Assistant Professor of Applied Design
A member of the Hampshire faculty since 2002, her courses emphasize consideration of practical problems that directly impact communities, paired with hands-on iterative design. Her professional work, personal life and teaching are deeply intertwined. She builds curriculum around design challenges on the Hampshire College campus as well as local community groups. She works with Hampshire Youth Connect, planning and effecting programming to introduce underserved youth to the college experience.
In 2013, she received a Grand Challenges Explorations grant from the Bill and Melinda Gates Foundation to develop and field test prototypes of a low-cost pearl millet thresher for use in sub-Saharan Africa. This project evolved out of discussions with a former student then working in Namibia. Cohn brought the project to the 2008 International Design for Development Summit (IDDS) held at M.I.T. and has continued design work over numerous semesters of her Appropriate Technology classes. Documentation of the thresher can be viewed at www.sites.hampshire.edu/pearlmilletthresher.
Her other interests include rearranging and putting things into and onto soil, ecologically sustainable technologies, dogs, cats, and other animals.
This course will look at the issues involved with design and fabrication in situations where there are limited resources. Students will engage in the hands-on study and design of technologies considered appropriate for less developed and small-scale local economies. Topics will include water quality, human powered cargo transportation, energy production, food storage and preparation, and wheelchair technologies. We will consider factors that make for successful adoption and widespread use of appropriate technologies
We will learn about some of the practical and ordinary problems faced by individuals who do not have full use of their hands or arms, then design, fabricate and collaboratively design assistive devices. Projects may be for children, or adults with temporary injuries/conditions or ongoing physical disabilities. We will also examine the concept of "Universal Design" - designing in a way that gracefully accommodates the range of human experience. Students in this class will develop problem solving, visual communication skills and a wide range of fabrication skills. There will be opportunities to work with the full range of materials and tools available in the Center for Design shop - such as metals, plastics and basic electronics. The curriculum will include weekly design assignments, guest speakers, readings, film viewings, discussions about the design process itself, as well as a major project.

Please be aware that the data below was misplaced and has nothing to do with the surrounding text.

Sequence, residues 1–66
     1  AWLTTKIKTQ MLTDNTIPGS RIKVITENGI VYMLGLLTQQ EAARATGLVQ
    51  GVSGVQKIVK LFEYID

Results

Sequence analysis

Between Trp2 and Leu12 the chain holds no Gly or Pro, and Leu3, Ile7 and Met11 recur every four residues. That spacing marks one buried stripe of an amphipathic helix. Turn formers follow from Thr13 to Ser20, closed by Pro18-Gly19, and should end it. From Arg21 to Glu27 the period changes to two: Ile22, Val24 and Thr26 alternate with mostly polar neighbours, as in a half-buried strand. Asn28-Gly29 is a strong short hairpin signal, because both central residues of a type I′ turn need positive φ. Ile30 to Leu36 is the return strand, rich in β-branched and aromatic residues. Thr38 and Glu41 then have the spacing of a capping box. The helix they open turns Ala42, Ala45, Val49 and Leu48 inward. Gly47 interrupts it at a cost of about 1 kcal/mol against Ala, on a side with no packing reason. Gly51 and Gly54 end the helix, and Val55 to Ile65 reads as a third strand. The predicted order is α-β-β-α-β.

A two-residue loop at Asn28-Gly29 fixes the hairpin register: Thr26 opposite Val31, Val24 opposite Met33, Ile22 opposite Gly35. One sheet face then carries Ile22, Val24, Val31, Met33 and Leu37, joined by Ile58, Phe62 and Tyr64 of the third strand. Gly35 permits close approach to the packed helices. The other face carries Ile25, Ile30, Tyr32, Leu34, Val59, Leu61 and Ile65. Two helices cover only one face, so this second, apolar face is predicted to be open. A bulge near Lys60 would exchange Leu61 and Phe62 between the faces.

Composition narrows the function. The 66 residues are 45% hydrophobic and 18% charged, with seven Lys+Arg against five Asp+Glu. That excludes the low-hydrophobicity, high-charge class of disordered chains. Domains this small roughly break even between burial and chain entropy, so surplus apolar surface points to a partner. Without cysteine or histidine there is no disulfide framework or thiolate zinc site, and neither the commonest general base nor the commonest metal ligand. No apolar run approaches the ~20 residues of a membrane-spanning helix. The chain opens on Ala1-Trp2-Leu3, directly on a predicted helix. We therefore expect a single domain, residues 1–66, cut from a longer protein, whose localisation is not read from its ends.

Design Fundamentals: This is an introductory level design class that will begin with a series of guided activities and culminate in a final independent project. Students will become familiar with a range of basic design tools and skills, such as drawing, model making and prototyping in materials such as cardboard, metal and plastic. We will also consider aesthetics, manufacturability and usability of the objects we create. Throughout the course students will work towards improving visual communication skills and the ability to convey ideas.
Recycling, remanufacturing, refurbishing, repurposing and up-cycling are all ways to add value, reduce waste and lower the environmental impact of used objects. Through the notion of tinkering, we will explore how discarded objects can be creatively reused for utilitarian and artistic purposes. Through this process participants in the course will enhance their technological creativity and designing capacity. Using projects and experiential means (e.g. tinkering) students in this course will gain a deeper understanding of their creative process, improve their understanding of mechanical objects, explore the relationship between discarded and reused, acquire basic fabrication and design skills and do some intuitive engineering.
In this class students will strive to develop affordable and effective equipment paired with business models with the goal of adding value to agricultural products in Asia and Africa, or more locally. Technologies may include grain threshing, seed harvesting, food drying and fermentation. Students will learn how invention and technology fits with economic development. Students will learn basic principles of design and prototyping innovations, as well as social enterprise models for sustainability and dissemination. Students will research agricultural, community, and economic conditions in target regions, and will have interaction through skype and other media with partners from other countries. Students will be working in the design workshop and must be willing and able to use tools and machinery. Prerequisite: At least one previous course in social entrepreneurship and/or design, or permission of instructor.
Is it possible to completely eliminate negative environmental impact of the everyday things we buy with careful design? We will learn about where raw materials come from, how they are used in manufacture, and how they are disposed of. We will investigate alternative materials or design approaches that may result in less waste. Students will then choose one consumer product to investigate; how it was made, the source of its components and materials, and what typically happens typically upon disposal. The final project for the course will be to design a functionally equivalent "no-harm to the environment" version of one or more products researched by students in this class. Prerequisite: Students who take this class should be diligent, resourceful researchers, comfortable with the process of making functional objects, and willing to work as part of a team. Provide evidence of this - such as an evaluation, piece of work.